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Notes 3 Filter bubbles and echo chambers

The issues and problems facing modern journalism all surround the internet and the effect it has had on the way we consume news. Before the internet a newspaper would generally be released in the morning or potentially an evening print depending on the publication, however now a story can be broken almost immediately with the use of the internet and social media.


This means that when a big event occurs such as a terror attack every online publication is rushing to get their story published first so they can gain the most clicks and therefore more advertiser’s money. However, this rushing can sometimes mean factchecking has not taken place and rumours are published. For example, during the London bridge attacks an unrelated stabbing in Vauxhall created panic on social media and several news cooperation’s ran with the line that it was related.


The other issue caused by the internet is the current trend of fake news, fake news exists to make money for the people behind it, links to realistic but fake news sites with shocking headlines draw people in once they click the link the websites creator has gained a small amount of money from advertising. This is essentially a continuation of the “you won’t believe what happened next” links that dominated social media a few years ago.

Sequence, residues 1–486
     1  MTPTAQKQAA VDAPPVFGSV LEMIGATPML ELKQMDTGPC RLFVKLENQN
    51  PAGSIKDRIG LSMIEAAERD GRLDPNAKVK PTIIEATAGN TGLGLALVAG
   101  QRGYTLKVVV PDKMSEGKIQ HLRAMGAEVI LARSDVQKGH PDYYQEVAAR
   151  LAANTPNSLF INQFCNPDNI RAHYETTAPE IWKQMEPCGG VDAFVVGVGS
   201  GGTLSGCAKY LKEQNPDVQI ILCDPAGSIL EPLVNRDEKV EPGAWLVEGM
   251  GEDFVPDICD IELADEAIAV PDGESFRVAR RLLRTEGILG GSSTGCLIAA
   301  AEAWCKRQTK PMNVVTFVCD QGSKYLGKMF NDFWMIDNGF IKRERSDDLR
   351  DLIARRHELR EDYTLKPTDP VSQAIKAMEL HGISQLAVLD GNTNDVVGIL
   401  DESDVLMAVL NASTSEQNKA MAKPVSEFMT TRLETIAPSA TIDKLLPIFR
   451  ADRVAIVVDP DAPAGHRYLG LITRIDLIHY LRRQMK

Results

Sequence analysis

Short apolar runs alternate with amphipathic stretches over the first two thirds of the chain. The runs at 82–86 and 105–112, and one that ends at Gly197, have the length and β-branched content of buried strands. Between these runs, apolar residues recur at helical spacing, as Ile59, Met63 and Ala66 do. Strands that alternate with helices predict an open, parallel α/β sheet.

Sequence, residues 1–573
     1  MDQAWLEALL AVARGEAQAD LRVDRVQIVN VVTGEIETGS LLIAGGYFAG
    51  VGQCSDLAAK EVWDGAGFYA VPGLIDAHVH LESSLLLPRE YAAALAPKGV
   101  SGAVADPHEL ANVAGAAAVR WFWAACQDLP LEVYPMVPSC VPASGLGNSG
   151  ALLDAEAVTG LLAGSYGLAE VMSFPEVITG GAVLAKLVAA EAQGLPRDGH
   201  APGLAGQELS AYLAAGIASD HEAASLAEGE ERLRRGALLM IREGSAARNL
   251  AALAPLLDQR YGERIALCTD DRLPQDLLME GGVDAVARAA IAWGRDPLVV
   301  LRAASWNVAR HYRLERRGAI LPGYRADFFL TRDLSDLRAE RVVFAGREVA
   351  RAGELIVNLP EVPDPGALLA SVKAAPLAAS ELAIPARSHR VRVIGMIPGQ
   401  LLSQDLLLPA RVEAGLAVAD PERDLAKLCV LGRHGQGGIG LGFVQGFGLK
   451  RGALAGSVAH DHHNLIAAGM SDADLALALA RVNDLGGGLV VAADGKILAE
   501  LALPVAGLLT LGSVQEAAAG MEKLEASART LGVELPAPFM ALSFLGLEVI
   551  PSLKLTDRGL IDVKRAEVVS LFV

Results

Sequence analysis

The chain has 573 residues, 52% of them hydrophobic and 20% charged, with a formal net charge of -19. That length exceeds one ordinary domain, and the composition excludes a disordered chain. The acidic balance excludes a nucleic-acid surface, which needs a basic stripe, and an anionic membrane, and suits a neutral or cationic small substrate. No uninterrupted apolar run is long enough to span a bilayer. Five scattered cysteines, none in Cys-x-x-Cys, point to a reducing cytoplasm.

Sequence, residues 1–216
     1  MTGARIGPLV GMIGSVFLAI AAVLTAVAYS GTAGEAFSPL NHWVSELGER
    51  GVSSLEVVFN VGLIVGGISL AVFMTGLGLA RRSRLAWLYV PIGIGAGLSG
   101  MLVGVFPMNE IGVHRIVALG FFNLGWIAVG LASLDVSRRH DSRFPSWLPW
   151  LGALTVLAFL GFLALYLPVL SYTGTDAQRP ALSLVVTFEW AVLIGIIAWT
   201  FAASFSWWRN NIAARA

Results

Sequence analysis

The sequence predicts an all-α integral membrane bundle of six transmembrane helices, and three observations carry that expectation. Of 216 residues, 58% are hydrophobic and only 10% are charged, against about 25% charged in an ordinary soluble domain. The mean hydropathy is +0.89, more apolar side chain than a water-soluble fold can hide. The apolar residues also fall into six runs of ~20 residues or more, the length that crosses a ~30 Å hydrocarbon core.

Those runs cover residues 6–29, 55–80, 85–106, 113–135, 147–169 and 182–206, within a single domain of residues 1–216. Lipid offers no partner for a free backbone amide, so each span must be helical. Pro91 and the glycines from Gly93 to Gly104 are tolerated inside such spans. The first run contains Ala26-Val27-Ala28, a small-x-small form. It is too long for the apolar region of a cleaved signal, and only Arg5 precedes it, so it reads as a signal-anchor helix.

Filter Bubbles and Echo chambers


Filter bubbles and echo chambers both play a massive role in negatively shaping our views and opinions in certain ways.


Filter bubbles are created when search engines bring up certain results based on our previous searches so if you mostly look at left wing news sites they will be brought up first and vise versa for right wing sites, and the top results are what you’ll most likely look at to gain information on a topic and the way this information is presented will define our views on subject.


When we only follow people with whom we share opinions with on social media there is no diversity in the opinions we gain from social media and this creates bias in the way we think and ultimately in the way we view the world.